Depending on how you look at it, California exports in April did
slightly better, or slightly worse, than last year.
California businesses shipped merchandise valued at $13.07 billion in April, up 0.3 percent from $13.03 billion in April 2012, according to an analysis of Tuesday's U.S. Commerce Department figures by Beacon Economics, a consulting firm with offices in the Bay Area and Los Angeles. Adjusted for inflation, however, Beacon said the 2013 figure represented an annual decline of 0.9 percent.
California exports totaled $14.07 billion in March.
Results in key export segments stayed fairly stable year over year.
California's April exports of manufactured items slipped slightly from $8.49 billion in April last year to $8.48 billion this year. Exports of non-manufactured goods (chiefly agricultural produce and raw materials) totaled $1.52 billion in April, down from $1.59 billion in 2012.
Re-exports rose from $2.95 billion last year to about $3.07 billion this year.
Beacon continued to point to declining shipments of electronic components used in the manufacture of personal computers.
In the most recent three-month period (February-April 2013), Beacon said exports of those items were down 23.4 percent, compared with the same period last year.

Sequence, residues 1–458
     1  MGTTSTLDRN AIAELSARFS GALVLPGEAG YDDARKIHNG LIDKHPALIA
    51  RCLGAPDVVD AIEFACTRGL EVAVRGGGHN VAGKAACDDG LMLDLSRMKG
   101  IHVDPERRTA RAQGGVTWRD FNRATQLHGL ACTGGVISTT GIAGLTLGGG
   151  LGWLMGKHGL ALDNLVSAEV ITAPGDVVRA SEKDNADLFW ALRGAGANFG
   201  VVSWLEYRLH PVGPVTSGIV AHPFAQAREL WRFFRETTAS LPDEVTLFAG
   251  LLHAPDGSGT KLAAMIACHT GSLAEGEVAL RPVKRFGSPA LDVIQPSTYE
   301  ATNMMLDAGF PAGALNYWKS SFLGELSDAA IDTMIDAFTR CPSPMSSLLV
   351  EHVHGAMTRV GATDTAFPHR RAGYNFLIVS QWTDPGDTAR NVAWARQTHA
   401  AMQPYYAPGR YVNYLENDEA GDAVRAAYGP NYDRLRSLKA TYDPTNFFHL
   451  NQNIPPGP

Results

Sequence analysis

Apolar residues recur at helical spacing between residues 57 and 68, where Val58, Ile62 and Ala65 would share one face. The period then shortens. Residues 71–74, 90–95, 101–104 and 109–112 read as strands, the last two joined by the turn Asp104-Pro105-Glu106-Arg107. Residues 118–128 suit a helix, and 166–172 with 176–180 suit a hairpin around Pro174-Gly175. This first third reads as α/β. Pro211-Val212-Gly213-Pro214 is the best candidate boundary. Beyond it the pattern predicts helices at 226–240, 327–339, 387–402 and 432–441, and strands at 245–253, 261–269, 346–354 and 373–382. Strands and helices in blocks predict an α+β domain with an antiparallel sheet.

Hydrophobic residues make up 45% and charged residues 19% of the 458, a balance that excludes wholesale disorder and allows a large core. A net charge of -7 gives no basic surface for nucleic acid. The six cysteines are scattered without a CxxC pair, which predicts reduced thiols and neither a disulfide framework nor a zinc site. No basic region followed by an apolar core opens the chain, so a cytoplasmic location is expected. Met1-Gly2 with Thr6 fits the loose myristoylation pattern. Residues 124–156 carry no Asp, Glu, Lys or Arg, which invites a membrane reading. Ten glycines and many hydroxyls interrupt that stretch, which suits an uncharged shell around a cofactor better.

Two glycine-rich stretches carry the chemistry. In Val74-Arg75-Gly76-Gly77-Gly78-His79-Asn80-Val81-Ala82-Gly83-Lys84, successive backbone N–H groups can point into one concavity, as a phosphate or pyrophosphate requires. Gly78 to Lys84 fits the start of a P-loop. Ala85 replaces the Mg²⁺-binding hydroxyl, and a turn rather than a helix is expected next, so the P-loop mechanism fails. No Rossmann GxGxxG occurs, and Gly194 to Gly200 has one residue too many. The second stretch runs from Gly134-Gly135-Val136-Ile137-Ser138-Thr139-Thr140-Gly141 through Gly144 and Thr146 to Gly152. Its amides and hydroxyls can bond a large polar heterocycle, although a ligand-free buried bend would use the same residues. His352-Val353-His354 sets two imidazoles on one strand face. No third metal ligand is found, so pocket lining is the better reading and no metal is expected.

"The surging popularity of smartphones and tablets has been dramatically reshaping global supply chains in the electronics components sector," said Jock O'Connell, Beacon's international trade adviser. "This is a trend we have been observing since late last summer, and it has yet to run its course."
Despite highly publicized economic problems in European nations, Beacon said California exports to the eurozone were up a robust 9.8 percent in the past three months, and shipments to the European Union increased by 8.4 percent.
Year-to-date, California's export trade totaled $52.44 billion, down from $52.91 billion last year.
On the import side, California took in $30.43 billion in April, down 1.7 percent from $30.97 billion in April last year. Some goods entering California go to other states, so exports are considered a more accurate measure of the state's trade health.
Nationally, the U.S. trade deficit widened 8.5 percent to $40.3 billion in April. The Commerce Department said American demand for foreign cars, cellphones and other imported goods outpaced U.S. export growth.
Exports of U.S. goods and services increased 1.2 percent between March and April to $187.4 billion, the second-highest on record.
However, imports grew 2.4 percent to $227.7 billion.
(c)2013 The Sacramento Bee (Sacramento, Calif.)
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